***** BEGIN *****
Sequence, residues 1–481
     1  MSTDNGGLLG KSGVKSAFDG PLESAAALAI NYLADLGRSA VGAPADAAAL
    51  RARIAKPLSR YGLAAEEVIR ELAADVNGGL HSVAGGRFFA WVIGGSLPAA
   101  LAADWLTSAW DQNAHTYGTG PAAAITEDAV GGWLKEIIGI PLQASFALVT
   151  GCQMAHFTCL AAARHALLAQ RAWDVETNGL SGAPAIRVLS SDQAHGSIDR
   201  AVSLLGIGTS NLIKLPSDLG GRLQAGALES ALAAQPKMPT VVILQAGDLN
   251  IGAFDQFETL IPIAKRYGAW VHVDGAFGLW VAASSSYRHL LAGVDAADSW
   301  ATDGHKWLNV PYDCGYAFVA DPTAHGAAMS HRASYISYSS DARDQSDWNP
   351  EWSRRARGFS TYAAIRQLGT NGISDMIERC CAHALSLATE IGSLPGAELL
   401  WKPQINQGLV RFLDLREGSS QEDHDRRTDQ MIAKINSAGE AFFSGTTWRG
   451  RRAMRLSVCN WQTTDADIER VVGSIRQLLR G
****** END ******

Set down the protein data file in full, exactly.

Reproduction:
Sequence, residues 1–481
     1  MSTDNGGLLG KSGVKSAFDG PLESAAALAI NYLADLGRSA VGAPADAAAL
    51  RARIAKPLSR YGLAAEEVIR ELAADVNGGL HSVAGGRFFA WVIGGSLPAA
   101  LAADWLTSAW DQNAHTYGTG PAAAITEDAV GGWLKEIIGI PLQASFALVT
   151  GCQMAHFTCL AAARHALLAQ RAWDVETNGL SGAPAIRVLS SDQAHGSIDR
   201  AVSLLGIGTS NLIKLPSDLG GRLQAGALES ALAAQPKMPT VVILQAGDLN
   251  IGAFDQFETL IPIAKRYGAW VHVDGAFGLW VAASSSYRHL LAGVDAADSW
   301  ATDGHKWLNV PYDCGYAFVA DPTAHGAAMS HRASYISYSS DARDQSDWNP
   351  EWSRRARGFS TYAAIRQLGT NGISDMIERC CAHALSLATE IGSLPGAELL
   401  WKPQINQGLV RFLDLREGSS QEDHDRRTDQ MIAKINSAGE AFFSGTTWRG
   451  RRAMRLSVCN WQTTDADIER VVGSIRQLLR G